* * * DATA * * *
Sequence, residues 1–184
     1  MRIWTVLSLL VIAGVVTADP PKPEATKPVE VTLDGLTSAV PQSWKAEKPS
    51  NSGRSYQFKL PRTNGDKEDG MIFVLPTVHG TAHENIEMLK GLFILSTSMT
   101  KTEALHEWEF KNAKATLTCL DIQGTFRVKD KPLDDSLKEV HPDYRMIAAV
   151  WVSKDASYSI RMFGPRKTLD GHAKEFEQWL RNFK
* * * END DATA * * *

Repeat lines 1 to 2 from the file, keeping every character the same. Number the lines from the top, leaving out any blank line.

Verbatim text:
Sequence, residues 1–184
     1  MRIWTVLSLL VIAGVVTADP PKPEATKPVE VTLDGLTSAV PQSWKAEKPS